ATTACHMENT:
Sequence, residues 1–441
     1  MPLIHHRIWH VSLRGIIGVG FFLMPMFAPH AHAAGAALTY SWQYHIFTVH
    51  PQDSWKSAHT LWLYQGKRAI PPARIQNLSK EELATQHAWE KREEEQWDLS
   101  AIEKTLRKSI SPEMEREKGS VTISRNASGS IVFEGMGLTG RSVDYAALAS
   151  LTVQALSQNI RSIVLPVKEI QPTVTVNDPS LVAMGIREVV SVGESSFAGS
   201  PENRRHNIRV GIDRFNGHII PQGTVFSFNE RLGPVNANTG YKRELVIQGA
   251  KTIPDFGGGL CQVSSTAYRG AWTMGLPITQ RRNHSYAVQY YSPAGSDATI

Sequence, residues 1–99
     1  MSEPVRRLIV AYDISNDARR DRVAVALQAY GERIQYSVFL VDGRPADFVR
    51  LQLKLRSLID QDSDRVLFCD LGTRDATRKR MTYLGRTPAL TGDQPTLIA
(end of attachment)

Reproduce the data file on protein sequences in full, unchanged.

Sequence, residues 1–441
     1  MPLIHHRIWH VSLRGIIGVG FFLMPMFAPH AHAAGAALTY SWQYHIFTVH
    51  PQDSWKSAHT LWLYQGKRAI PPARIQNLSK EELATQHAWE KREEEQWDLS
   101  AIEKTLRKSI SPEMEREKGS VTISRNASGS IVFEGMGLTG RSVDYAALAS
   151  LTVQALSQNI RSIVLPVKEI QPTVTVNDPS LVAMGIREVV SVGESSFAGS
   201  PENRRHNIRV GIDRFNGHII PQGTVFSFNE RLGPVNANTG YKRELVIQGA
   251  KTIPDFGGGL CQVSSTAYRG AWTMGLPITQ RRNHSYAVQY YSPAGSDATI

Sequence, residues 1–99
     1  MSEPVRRLIV AYDISNDARR DRVAVALQAY GERIQYSVFL VDGRPADFVR
    51  LQLKLRSLID QDSDRVLFCD LGTRDATRKR MTYLGRTPAL TGDQPTLIA